After planting some geraniums in the newly reclaimed flowerbed under the big front window of my mother’s house, I went into the backyard to plant six impatiens in an old wine barrel. As I was getting started, I noticed a dead bird several feet away on the lawn. It was limp and missing its head. I don’t know what kind of bird it was. It was about the size of a scrub jay, but without any blue markings. There were no stray feathers in the area, and the head was nowhere near, unless it was hidden in the ivy somewhere along the fence. Oddly enough, the neck was not a bloody mess; instead, it seemed to be soft and downy, almost as if the bird had lived long enough after its mishap to begin to heal and grow some new feathers — until the absence of its head took its final toll, possibly due to the warm, humid weather we’ve been having.

When our kids were small, my wife and I used to read them a delightful book from the library called The Man Who Lost His Head. Published in 1942, the story was written by Claire Huchet Bishop and masterfully illustrated by Robert McCloskey. It’s about a man who has lost his head, and all the trouble he goes to to compensate for its absence. I remember quite vividly how he looks when he puts a parsnip where his head is supposed to be, how poorly his hat fits as a result, and the expression on the parsnip’s face just above the knot in the man’s tie. A truly fantastic book.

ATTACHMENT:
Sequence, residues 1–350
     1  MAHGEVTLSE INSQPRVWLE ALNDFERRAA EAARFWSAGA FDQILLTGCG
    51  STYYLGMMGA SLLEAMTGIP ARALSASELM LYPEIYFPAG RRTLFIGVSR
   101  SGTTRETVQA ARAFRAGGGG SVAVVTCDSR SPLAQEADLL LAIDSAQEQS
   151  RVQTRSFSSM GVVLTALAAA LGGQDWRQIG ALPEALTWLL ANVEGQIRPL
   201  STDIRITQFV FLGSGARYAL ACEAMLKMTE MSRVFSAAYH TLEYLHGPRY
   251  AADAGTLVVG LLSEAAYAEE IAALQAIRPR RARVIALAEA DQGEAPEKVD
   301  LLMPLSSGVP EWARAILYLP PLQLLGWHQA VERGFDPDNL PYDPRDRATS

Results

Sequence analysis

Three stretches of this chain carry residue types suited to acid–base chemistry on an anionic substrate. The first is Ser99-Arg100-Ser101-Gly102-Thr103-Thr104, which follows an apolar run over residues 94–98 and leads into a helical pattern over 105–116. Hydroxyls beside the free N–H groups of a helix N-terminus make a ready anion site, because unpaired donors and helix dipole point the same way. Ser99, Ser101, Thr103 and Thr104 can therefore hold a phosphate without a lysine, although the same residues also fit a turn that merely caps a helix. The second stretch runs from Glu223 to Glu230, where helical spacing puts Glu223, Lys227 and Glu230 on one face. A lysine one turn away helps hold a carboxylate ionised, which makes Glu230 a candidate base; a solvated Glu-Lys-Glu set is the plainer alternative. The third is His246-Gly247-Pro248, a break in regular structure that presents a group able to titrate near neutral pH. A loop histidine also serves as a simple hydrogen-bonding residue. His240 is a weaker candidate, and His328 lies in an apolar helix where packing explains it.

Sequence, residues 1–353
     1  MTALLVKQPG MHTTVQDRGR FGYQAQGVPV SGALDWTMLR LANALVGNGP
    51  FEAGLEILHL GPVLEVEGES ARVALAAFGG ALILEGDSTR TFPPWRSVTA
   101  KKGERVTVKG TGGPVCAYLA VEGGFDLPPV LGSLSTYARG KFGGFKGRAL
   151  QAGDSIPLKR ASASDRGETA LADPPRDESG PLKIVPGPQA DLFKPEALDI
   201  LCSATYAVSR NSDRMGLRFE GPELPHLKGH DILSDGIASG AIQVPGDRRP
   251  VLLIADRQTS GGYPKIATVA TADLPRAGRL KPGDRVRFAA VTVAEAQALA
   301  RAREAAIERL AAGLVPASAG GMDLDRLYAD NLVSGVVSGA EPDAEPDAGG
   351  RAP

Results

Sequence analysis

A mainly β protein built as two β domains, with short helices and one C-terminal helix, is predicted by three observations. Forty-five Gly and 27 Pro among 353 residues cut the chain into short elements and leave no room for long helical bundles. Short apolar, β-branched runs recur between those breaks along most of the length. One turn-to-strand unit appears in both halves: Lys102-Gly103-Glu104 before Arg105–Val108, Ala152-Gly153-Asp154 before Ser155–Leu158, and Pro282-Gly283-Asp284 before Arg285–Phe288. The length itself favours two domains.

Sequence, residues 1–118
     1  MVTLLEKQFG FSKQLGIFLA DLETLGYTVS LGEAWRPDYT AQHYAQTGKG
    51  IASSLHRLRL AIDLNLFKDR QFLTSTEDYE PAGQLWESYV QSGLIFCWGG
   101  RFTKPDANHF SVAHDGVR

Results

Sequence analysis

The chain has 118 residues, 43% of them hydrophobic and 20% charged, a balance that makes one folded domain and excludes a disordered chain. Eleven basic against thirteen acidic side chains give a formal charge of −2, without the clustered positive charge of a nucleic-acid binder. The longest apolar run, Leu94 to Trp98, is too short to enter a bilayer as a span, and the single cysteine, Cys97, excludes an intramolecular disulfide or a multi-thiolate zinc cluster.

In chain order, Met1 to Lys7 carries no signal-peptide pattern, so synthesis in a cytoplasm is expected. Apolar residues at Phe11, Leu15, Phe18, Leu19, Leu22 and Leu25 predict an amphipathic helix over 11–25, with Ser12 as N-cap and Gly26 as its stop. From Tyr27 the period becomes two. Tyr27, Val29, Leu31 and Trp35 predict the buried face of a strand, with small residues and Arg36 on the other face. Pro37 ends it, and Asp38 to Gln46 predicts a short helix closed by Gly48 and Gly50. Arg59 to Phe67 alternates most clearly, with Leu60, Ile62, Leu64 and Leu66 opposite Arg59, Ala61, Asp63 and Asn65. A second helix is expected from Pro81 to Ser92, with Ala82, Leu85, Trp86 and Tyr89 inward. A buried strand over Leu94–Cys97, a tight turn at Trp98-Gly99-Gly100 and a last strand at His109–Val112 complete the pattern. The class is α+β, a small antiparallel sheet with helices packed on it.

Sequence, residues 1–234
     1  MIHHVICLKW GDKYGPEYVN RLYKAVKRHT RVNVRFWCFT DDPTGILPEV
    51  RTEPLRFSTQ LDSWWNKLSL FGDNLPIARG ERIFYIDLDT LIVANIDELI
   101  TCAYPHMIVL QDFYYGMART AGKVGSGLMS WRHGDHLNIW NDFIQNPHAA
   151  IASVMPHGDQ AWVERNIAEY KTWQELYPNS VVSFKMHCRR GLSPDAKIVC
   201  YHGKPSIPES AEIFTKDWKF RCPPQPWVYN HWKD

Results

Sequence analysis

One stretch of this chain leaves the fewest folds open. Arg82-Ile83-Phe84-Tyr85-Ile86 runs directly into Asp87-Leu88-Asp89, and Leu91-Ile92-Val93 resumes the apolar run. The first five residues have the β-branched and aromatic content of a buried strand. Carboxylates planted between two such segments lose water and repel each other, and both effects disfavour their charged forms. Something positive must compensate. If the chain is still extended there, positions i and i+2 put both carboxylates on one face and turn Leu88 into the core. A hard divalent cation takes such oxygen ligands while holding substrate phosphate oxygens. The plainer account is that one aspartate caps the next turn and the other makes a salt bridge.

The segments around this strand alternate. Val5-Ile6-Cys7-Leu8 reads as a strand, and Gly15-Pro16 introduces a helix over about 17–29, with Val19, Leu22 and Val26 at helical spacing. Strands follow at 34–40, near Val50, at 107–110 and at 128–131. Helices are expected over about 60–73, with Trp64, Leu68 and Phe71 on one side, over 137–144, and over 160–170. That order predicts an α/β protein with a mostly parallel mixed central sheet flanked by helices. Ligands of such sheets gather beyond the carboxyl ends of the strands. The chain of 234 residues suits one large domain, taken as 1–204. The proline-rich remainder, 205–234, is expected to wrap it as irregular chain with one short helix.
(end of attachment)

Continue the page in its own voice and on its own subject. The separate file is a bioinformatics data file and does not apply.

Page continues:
Instead of burying the bird, I picked it up with the blade of a hoe and set it down as gently as I could in the ivy near the trunks of two white birch trees. That way, if the head should return, or if another head presents itself, there will still be a chance for a miracle to occur. An owl’s head would be nice, if a bit extravagant. But if a goat’s head arrives, or the head of snake or chimpanzee, it could spell trouble. The same goes for their bodies.

Sick. In fact, this sounds like I’m missing one or the other myself. Or maybe they’re missing each other.

Also by William Michaelian

Winter Poems

ISBN: 978-0-9796599-0-4
52 pages. Paper.
Another Song I Know
ISBN: 978-0-9796599-1-1
80 pages. Paper.
Cosmopsis Books
San Francisco

Signed copies available

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